The number of overseas matrimonial alliances have increased owing to a rise in the population of Indian Diaspora. Consequently, the related altercations and disputes have also escalated comparably. Overseas Indians constitute Indian nationals who have migrated internationally for job, studies or the progeny of parents of Indian origin.
Overseas Indian marriages are subject to the same tribulations and tensions as any other nuptials, except the fact that such alliances are not governed only by the Indian legal system. They are bound by the national laws of the host countries as well as complex private international law.
Such marriages get wrought with composite issues like language barrier, remoteness and isolation of women in foriegn land, ignorance or little knowledge about the local law and security system, financial constraints and limited or no support system to fall back upon in cases of exploitation, abuse or totrure.
The most commonly reported cases that are of critical nature in overseas marriages are physical abuse or abandoning of women by their NRI husbands. The stranding may follow a fraudulent marriage where the woman is taken to the foreign country but is either sent back or forced to take to her heels within a year. Dowry demands, hidden prior marriages, and physical abuse are the most commonly reported reasons for marriage disputes in such cases.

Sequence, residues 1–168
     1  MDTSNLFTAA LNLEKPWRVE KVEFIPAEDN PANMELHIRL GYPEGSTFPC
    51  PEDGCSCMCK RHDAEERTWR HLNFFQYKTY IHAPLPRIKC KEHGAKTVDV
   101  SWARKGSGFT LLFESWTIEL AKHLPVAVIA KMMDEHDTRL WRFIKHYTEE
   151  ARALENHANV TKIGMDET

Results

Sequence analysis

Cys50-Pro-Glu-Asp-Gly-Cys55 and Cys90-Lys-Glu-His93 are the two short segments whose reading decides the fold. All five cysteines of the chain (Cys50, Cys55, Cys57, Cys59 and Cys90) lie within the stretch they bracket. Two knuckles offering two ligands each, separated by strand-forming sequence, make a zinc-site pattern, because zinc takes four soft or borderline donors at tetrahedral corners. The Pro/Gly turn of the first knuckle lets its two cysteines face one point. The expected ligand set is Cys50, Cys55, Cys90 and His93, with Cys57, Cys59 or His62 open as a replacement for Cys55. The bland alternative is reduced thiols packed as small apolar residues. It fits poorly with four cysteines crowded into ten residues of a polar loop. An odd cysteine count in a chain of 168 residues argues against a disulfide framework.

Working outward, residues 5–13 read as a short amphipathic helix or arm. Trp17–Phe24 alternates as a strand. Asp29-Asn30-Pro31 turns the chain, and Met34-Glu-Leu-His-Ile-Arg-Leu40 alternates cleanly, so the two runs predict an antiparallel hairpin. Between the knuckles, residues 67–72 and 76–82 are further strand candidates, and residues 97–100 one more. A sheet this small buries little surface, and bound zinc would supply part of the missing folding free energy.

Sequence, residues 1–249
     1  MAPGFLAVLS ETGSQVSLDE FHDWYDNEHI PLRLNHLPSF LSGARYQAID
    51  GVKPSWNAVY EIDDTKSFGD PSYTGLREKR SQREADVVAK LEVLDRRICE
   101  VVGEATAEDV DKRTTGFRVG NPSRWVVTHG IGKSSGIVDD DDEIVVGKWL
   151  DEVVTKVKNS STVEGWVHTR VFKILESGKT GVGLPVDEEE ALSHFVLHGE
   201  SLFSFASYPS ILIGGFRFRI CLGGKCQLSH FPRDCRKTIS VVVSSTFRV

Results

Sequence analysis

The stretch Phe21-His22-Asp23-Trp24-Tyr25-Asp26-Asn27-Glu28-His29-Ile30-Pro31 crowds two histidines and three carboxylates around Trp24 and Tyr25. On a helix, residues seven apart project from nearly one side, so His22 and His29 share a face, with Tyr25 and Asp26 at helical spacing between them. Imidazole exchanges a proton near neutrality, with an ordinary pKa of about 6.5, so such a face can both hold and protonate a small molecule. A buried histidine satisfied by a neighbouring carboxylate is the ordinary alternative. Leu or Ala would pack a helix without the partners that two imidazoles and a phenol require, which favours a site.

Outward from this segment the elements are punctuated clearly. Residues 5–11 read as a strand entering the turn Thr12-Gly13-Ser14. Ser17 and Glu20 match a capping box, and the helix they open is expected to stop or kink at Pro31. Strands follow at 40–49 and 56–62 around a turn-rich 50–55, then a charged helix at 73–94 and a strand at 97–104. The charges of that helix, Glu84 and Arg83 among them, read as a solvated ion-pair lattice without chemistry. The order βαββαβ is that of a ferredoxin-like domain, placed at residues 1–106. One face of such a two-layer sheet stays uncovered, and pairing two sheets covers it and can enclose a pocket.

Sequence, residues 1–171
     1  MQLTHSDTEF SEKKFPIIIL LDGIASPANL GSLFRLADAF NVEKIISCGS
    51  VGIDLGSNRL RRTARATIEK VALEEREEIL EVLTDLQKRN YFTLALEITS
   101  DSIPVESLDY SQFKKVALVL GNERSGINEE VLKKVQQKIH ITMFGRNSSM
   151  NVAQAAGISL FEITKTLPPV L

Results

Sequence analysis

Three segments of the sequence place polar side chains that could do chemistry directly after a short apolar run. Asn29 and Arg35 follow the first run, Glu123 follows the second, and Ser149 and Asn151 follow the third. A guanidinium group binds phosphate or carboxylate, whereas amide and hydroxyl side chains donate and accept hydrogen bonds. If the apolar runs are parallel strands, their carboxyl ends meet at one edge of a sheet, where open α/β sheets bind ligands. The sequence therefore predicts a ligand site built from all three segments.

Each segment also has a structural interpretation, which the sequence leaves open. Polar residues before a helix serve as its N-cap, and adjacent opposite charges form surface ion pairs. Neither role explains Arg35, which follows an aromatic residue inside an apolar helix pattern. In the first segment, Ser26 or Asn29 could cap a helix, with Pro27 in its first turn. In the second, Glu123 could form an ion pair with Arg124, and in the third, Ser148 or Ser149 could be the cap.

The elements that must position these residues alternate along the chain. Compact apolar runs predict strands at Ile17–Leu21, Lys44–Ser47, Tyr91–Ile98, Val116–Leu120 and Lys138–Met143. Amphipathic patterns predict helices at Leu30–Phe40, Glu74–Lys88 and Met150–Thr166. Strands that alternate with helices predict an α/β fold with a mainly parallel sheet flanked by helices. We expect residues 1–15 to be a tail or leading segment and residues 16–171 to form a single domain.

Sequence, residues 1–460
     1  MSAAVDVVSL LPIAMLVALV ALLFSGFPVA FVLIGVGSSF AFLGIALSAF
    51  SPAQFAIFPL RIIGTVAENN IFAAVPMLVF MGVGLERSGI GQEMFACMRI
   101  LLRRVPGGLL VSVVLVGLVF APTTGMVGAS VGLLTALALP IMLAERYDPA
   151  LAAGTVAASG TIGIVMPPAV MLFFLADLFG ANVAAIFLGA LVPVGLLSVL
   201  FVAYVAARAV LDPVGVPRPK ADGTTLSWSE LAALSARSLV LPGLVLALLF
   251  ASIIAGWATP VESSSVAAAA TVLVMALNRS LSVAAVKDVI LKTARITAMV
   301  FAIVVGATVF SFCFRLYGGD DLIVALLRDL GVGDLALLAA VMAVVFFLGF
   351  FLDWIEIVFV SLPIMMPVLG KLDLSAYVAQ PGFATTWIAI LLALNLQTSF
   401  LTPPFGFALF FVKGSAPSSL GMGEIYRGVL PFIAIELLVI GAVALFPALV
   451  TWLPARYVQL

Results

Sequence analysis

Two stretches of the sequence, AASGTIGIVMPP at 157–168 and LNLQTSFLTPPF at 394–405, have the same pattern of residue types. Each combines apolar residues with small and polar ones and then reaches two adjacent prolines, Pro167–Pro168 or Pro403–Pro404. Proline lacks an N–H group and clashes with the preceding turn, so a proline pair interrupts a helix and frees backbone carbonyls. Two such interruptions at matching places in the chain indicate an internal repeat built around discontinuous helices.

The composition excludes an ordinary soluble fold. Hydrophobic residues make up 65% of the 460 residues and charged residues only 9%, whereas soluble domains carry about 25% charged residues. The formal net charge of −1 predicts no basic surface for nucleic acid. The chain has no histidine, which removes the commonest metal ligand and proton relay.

Other problems faced by women in overseas marriages often include false information provided to the woman and her family regarding the spouse’s earning, property, divorce related legal impediments owing to the inexperience vis-a-vis the jurisdiction of courts in the particular country, etc. Recently cases of harrying Overseas Indian husbands have also been on the rise hence, the Ministry of External Affairs (MEA) is vigilant and alert against the misuse of laws in such circumstances.
In the light of such events and a surge in the complaints, grievances and petitions pertaining to marital issues received by the MEA Ministry from Indian nationals married abroad, the Ministry has taken steps towards their empowerment. Their knowledge base regarding the procedural nuances of the specific country’s legal system is being enhanced and supplemented with necessary information by the Ministry. This includes information regarding filing court cases, issue of summons, revoking/impounding passports, obtaining maintenance and child support, etc.
In addition to this, legal and monetary assistance is provided by the Ministry to married Indian women overseas as a part of a special assistance scheme in 51 nations with the help of NGOs and lawyers empanelled with Missions there. Assistance is provided on matters like redressal from foriegn courts regarding refurbishment of conjugal rights, custody of children, domestic violence/abuse, etc.
To discuss such issues and deliberate further on the international marriage rights the Parliamentary standing committee for the MEA has decided to hold a meeting on Wednesday. Two of the earlier meetings had already been shelved owing to the lack of quorum and demands for discussions on other issues like border confrontations with China, and Nepal, job losses due to coronavirus pandemic and start-up capital infusions.